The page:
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The Vineyard

The Key to making exceptional Pinot Noir is an exceptional Vineyard. Our 1.1 hectare vineyard lies on the western ridge of the Yass River Valley, at an altitude of 760m above sea level. The soil is clay interspersed in large quantities of rock , and the vineyard lies on a considerable north facing slope of 15 degrees, with the rows running due North/South.

Our vineyard is planted with 6 Pinot Noir Clones: MV6, and the Dijon Clones, 114, 115, 386, 521, and 777. The vineyard has a 2.5m row spacing, with a 1 meter spacing between plants giving 4000 vines per hectare - a significantly higher plant density than most vineyards in Australia.

We use a trellis that allows us to employ vertical shoot positioning (VSP), which is appropriate given the vigour of our vineyard. The vines are cane pruned, and we aim for roughly 1-1.5 tonnes/acre off the vineyard - or 2.5-4 tonnes/hectare. To ensure such low yield, we prune hard, do extensive shoot thinning, and remove any excess fruit, typically before veraison.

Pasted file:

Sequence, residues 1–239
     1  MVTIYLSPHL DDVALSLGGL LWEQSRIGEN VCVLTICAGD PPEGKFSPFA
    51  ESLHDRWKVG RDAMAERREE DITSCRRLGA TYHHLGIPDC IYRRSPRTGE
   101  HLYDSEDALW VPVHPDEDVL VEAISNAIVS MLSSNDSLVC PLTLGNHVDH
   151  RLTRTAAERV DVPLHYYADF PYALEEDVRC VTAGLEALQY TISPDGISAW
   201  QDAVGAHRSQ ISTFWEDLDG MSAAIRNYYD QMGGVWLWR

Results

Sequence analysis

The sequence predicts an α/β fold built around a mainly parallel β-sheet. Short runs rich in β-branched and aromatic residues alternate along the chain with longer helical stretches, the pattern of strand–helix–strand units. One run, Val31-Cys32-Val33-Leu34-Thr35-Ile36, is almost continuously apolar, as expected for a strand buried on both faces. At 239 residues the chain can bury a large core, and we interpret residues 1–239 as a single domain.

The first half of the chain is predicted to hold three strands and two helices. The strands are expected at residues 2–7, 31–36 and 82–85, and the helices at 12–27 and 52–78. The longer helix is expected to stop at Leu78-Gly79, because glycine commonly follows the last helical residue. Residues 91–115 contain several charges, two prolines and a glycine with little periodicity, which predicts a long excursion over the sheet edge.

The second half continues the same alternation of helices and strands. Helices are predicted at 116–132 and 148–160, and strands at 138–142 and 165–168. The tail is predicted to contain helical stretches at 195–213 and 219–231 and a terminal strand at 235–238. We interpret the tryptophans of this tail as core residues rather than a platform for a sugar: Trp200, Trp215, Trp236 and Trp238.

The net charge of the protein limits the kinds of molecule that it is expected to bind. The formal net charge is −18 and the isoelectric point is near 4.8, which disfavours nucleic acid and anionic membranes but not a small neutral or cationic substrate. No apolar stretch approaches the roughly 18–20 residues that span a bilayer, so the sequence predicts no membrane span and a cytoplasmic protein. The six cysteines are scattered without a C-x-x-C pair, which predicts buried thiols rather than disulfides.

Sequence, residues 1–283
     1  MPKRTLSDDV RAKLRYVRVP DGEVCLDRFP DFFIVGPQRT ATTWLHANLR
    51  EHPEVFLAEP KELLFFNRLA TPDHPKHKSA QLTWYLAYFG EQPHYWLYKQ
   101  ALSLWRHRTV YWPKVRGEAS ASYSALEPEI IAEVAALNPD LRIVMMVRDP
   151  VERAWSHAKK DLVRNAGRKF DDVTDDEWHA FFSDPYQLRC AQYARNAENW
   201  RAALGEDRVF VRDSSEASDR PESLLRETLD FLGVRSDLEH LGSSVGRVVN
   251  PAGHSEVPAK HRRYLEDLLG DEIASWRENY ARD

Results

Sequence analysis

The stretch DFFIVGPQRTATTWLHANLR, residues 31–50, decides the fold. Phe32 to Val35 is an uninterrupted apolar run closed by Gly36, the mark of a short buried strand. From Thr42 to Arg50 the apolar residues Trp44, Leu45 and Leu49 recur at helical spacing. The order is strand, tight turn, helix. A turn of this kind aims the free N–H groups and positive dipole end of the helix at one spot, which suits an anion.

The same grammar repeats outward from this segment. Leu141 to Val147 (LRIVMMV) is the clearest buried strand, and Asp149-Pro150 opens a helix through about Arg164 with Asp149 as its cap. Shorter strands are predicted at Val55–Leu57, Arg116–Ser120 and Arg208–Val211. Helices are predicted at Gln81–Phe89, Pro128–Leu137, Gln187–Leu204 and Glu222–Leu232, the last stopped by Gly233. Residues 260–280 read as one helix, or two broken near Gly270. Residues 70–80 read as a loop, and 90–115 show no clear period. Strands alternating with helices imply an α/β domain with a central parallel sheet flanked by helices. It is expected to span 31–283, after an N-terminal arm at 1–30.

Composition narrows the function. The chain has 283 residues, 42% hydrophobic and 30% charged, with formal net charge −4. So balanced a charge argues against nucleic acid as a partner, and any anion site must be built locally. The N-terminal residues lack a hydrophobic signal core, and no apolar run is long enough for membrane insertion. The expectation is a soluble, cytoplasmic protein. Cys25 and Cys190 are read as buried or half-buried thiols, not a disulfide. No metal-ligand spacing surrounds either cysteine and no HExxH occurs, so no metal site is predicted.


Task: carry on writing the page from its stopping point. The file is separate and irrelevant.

Of the major varieties of red wines, Pinot Noir requires the coolest climate to produce profound wines, and this explains why Australia is not a major player in the world in this varietal - most of the wine regions in the country are too hot to produce great wines. Canberra, proper, is a very cool wine district by Australian standards, but most vineyards, even here, are too warm to produce great Pinot Noir wines. However, for every 100m in altitude one rises, the average temperature drops by an average 0.7 degrees Centigrade, and therefore by moving to higher altitudes, it is possible to get to a colder site. Maipenrai, at 760m, is 200-300m higher than the vineyards located near Murrumbateman, and is closer to the coast and therefore regularly receives summer sea-breezes, making it significantly colder than Australia's best known Pinot Noir producing region, the Yarra Valley. So while most of Australia picks their Pinot Noir in early March, here in the high regions around Canberra we are able to pick later - the end of March through mid April. This allows the fruit to ripen in very cool conditions, contributing to the rich, long-lived, and deeply coloured Pinot Noirs the region is capable of producing.